The daughter of an elderly man who died "scared, cold and alone" says the organisation tasked with his care ignored repeated pleas about his failing health.
Bryan McGinty lay dead for up to five days in his Manurewa pensioner flat.
His only daughter was heartbroken and angry reading a just-released investigation report into the tragedy.
She believes the 73-year-old might not have died a terrifying, lonely death had those responsible for caring for her father done their jobs.
"If they had acted properly Dad might still be here or he would have died in hospital with us holding his hands," said McGinty's daughter, who asked not to be named.
"Instead, he died terrified and alone."
McGinty was found dead on June 24 in his Leabank Court pensioner flat run by Haumaru Housing, a company owned 51 per cent by Selwyn Foundation — a charitable trust — and 49 per cent by Auckland Council.
The investigation showed neighbours had voiced serious concerns about his health for the five months leading up to his death.
• READ MORE: 'Devoted' dad's lonely death in a council flat
A community manager from Haumaru Housing assigned to visit elderly tenants at the flats said she visited McGinty on Friday, June 21 and he "appeared well".
But GPS data analysed during the investigation into the months leading up to his death showed the last visit to Leabank Court was on June 19. It was unclear whether that was to McGinty's flat.
McGinty's South Island-based daughter said she would have been at her father's side "in a heartbeat" had she been aware how ill her father was.
"I was fighting for him with every health agency from CADS [Community Alcohol and Drug Services] to Age Concern but still he died scared, cold and alone," she said.
"I identified his body and I know when he died he was absolutely terrified. I saw it in his [one remaining] eye."
The daughter said the community manager from Haumaru Housing was "dismissive" of her after her father died and "dismissive of repeated concerns from neighbours".
The report to Auckland Council about the months leading up to McGinty's death show a man displaying confusion, anger and struggling to walk.
It is a reflection of appalling neglect.
"I believe he was in severe Korsakoff's [an alcohol-related dementia]," the daughter said.
"I don't know how those symptoms were missed so monumentally.
The last visit to McGinty's unit was on June 18 after concerns about his health prompted Haumaru staff to get him to sign forms to allow them to speak to his GP about a needs assessment and to provide additional support.
On June 24 - the evening McGinty was found dead - a concerned neighbour, who hadn't seen McGinty for days, asked the community manager to check on him.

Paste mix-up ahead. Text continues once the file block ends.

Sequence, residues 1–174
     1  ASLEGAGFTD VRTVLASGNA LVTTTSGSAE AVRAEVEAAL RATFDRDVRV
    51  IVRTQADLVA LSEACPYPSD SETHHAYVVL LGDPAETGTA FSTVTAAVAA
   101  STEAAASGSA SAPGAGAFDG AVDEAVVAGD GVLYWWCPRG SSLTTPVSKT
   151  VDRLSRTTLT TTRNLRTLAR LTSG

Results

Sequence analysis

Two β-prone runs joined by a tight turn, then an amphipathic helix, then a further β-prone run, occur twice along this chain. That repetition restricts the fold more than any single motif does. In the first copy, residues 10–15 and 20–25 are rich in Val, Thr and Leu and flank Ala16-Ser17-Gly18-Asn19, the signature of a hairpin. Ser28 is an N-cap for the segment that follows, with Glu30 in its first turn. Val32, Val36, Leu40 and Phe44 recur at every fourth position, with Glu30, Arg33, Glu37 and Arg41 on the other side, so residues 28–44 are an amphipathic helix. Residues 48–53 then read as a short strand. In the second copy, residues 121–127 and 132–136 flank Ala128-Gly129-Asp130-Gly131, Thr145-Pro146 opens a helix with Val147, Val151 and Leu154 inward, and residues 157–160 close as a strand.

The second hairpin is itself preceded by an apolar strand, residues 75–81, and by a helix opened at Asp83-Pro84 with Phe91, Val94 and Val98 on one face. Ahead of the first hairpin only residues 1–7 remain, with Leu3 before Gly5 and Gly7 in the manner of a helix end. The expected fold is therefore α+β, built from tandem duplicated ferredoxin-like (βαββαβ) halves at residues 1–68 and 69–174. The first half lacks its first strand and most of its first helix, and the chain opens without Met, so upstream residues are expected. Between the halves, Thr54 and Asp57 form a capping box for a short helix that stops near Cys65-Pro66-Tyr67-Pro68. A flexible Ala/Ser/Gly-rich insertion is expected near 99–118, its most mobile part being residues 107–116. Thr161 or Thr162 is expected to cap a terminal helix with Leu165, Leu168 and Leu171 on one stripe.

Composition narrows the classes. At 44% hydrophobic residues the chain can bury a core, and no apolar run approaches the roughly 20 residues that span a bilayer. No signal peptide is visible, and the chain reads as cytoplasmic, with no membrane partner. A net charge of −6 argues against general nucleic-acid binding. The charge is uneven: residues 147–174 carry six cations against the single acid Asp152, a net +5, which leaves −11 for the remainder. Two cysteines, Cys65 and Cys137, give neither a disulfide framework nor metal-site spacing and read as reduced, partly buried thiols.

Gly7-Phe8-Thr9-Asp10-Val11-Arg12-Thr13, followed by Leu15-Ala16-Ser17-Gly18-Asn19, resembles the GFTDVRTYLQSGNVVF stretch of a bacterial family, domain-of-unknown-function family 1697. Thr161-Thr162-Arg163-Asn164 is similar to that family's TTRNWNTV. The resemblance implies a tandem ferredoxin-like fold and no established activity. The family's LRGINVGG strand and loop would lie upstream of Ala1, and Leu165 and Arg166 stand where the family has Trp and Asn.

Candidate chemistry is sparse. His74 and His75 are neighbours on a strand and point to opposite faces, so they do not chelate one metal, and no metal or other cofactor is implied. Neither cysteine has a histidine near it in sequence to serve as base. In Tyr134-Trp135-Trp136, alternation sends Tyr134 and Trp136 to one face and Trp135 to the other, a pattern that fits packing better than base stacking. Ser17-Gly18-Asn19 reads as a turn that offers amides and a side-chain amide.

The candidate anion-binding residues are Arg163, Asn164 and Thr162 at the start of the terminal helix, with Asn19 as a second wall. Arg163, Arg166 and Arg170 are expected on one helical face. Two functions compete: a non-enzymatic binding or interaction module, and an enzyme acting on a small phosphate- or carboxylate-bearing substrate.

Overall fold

The community manager said she had visited McGinty the previous week and there was a care assessment in place. She did not go and check on him.
He was only discovered after the neighbour insisted on speaking to the Haumaru Housing CEO Gaby Clezy later that day. She called an ambulance to do a welfare check.
Manurewa councillors Daniel Newman and Angela Dalton want an immediate overhaul of Haumaru Housing and are calling for the resignation of Clezy after the findings. The report was prepared by Haumaru Housing for the council.
Haumaru Housing has managed the council's 62 pensioner villages since 2016.
Newman said if the community manager had visited McGinty on the Friday, as she said she did, she would have found him already dead or dying.
"He would not have "appeared well" as she claimed.
"He would not have spent the weekend alone in the flat."
Newman said Haumaru Housing had failed to provide appropriate care for a vulnerable tenant.
"This is not just about the days leading up to his death," Newman said.
"Neighbours had voiced serious concerns for Mr McGinty for months and Haumaru staff were well aware of this.
"He would not have been living there independently if he had been properly assessed. It is a reflection of appalling neglect."
The report to Auckland Council noted numerous failings in Haumaru's processes and promises to tighten those, within the bounds of its role as a social housing landlord.
The report found some inconsistent reporting by staff and some identified gaps in the management of some areas.
Haumaru Housing says it has investigated the community manager's conduct and imposed disciplinary sanction as a result.
The report said the staff member "should have checked on Mr McGinty earlier that day when alerted by another tenant".